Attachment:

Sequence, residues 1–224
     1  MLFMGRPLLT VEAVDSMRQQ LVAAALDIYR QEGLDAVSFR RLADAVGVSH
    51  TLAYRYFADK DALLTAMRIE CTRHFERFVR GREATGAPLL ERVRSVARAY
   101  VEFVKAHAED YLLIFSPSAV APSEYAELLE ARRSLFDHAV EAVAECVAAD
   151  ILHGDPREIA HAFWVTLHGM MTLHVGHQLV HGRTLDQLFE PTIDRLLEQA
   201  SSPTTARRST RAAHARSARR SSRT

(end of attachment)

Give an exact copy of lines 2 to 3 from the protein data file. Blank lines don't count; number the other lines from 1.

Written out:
     1  MLFMGRPLLT VEAVDSMRQQ LVAAALDIYR QEGLDAVSFR RLADAVGVSH
    51  TLAYRYFADK DALLTAMRIE CTRHFERFVR GREATGAPLL ERVRSVARAY